As long as I’ve lived in this area, I’ve been offering to give a speech to the graduating seniors at Chanute High School about how they should properly live their lives after receiving diplomas.The local school district has yet to send me an invitation to deliver this sure-to-be-stirring speech.
My desire to speak at the graduation is especially strong this year because members of this year’s class were freshmen when I started working for the Tribune covering sports. There are several tremendously talented teenagers in this class who I watched participate in both their first and their last official athletic event as a Blue Comet. I’ve gotten to know and like several members of the Class of 2015 and it would be an honor to give them a proper send-off.
The cold and cruel yearly rejection of my graduation speaking skills is why I end up publishing the speech that I want to deliver to this year’s high school graduates in this Tribune column. Even in years like this one, when I recognize that there are plenty of graduates in this class who are far brighter than I am, I would hate to see my words of wisdom go to waste. If this community is not going to vote to give these graduates something like a workable Fiber plan that might help ensure that they stay around this area and have a chance at a decent job, it at least owes them an entertaining graduation speech.
It seems like most graduation speakers just quote boring Robert Frost poems or much-read Dr. Seuss books, but I would rather endear myself to the students by dispensing valuable pieces of life advice like “Never pay 100 bucks to order a pay-per-view boxing fight when you can just go to the State Capitol and watch people needlessly fight for free.”
It seems like the best possible use for valuable podium time would be to offer some reassurance to any graduate who feels a little bit lost and doesn’t know what they want to do with their lives.
My educated guess is that most of the adults who are sitting in the gym and observing graduation probably felt this exact same way when they were graduating high school. I certainly did. I had no idea what I was going to do when I got out of high school. I knew what my academic strengths werebecause that was such a short list at the time. However, I had no idea how I could use any of my skills, knowledge, and gifts that I had to make a living and to pursue happiness. There are still times where I question whether or not I have made the right decisions in these areas, like when I’m sitting through Neosho County Commission meetings.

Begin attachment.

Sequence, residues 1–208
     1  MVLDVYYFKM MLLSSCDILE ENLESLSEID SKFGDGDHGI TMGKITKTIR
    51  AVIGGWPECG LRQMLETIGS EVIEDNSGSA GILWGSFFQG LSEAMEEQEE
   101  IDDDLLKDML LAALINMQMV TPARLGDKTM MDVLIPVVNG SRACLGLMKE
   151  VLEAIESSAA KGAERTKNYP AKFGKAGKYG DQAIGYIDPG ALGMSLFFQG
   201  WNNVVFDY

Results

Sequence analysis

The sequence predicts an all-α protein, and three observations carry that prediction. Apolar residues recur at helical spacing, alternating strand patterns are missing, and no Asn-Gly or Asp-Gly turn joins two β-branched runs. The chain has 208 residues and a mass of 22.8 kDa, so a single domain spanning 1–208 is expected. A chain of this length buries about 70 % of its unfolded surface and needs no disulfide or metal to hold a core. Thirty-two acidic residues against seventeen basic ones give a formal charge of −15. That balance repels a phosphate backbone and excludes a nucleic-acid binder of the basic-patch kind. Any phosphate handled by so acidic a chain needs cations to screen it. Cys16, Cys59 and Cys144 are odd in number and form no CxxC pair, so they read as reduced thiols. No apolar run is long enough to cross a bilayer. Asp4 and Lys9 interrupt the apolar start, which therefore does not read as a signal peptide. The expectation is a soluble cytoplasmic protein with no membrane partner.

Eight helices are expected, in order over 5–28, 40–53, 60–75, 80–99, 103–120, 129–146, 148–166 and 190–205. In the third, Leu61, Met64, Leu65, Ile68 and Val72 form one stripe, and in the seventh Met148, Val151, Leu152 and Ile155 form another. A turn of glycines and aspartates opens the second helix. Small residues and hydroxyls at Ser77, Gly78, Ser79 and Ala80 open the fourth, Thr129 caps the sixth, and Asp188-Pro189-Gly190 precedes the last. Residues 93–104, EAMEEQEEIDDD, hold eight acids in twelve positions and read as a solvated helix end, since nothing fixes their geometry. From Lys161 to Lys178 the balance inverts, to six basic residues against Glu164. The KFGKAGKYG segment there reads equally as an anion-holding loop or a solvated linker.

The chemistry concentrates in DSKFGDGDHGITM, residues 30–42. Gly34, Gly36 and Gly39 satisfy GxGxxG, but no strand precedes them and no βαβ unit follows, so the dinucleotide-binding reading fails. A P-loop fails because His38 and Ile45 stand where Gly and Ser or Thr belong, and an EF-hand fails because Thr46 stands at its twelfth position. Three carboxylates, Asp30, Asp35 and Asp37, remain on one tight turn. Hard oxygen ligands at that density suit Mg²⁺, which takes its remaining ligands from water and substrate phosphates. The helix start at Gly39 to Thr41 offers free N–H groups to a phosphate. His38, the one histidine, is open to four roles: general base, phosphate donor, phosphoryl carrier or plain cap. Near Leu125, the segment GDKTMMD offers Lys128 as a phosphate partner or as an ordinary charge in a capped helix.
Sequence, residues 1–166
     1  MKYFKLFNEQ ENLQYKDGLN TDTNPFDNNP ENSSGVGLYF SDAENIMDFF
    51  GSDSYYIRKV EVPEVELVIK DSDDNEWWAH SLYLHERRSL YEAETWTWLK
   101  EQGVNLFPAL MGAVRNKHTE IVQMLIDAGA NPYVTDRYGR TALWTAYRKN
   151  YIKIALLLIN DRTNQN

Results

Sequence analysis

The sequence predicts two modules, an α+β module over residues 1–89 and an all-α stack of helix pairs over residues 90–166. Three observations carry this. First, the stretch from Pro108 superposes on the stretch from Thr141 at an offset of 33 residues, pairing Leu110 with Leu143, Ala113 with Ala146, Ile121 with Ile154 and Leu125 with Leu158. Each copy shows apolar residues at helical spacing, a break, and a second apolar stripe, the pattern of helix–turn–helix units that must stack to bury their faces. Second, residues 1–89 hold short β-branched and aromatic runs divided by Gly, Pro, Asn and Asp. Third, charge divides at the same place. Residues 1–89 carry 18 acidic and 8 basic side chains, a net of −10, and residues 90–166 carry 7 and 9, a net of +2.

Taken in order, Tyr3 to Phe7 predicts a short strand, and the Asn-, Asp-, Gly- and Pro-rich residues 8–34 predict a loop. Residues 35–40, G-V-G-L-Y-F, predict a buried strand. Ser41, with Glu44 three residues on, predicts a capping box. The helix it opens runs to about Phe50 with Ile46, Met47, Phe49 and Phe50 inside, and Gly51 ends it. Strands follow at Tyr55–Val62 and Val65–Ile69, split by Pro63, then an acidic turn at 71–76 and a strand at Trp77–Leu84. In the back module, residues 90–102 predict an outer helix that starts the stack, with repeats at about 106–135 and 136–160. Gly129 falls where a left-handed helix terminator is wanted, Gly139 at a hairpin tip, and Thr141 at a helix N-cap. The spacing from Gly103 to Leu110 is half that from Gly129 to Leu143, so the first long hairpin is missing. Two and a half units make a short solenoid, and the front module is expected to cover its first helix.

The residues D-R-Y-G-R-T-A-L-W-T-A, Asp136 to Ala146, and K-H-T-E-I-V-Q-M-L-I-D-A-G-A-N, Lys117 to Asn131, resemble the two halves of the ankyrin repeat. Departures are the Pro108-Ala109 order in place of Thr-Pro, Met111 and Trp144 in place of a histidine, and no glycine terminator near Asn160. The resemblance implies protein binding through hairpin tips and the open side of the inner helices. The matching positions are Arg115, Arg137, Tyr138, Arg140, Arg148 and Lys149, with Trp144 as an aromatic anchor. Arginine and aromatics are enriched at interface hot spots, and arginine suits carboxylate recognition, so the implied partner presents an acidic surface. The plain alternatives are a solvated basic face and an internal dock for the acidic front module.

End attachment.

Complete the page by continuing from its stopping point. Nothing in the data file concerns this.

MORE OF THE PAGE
Even for those wise enough to avoid regular attendance at government meetings, it takes a long time to actually figure out how being an adult works. This makes us prone to mistakes, pitfalls, and terrible decisions. Of course mistakes, pitfalls, and terrible decisions sometimes lead to a really great time. The ability to quickly recover from errors in judgment are part of what being young is about, so I would advise all of the graduates to take advantage of that every once in a while. A small series of youthful screw-ups will teach you a lot about yourselves and will help give you the intestinal fortitude that it will eventually take to properly deal with professors, bosses, spouses, kids, politicians, and nosy local newspaper reporters. So one thing I would advise graduates to do is expect to make mistakes and to embrace the learning opportunities that those can provide.
The other thing I would like to tell everyone in the Class of 2015 is that none of your lives will turn out the way you might expect. That is universally true for all of us who have ever donned a cap and a gown; we didn’t really know where we’d end up, and that is the element of life that has kept it most interesting. I prefer to watch movies, TV shows, and sporting events where I can’t accurately guess or predict the ending, and I enjoy living life the same way. The surprise curve balls that life throws at us are what ultimately keep us on our toes. Learning to take a swing at those tricky pitches and connect every once in a while is ultimately what helps us win.
I’ve seen plenty of you do something similar in your chosen sports over the last four years. Now, I look forward to seeing you do that in your lives.
Please send all questions, comments, hate mail, marriage proposals, or last-minute graduation speech invitations to firstname.lastname@example.org.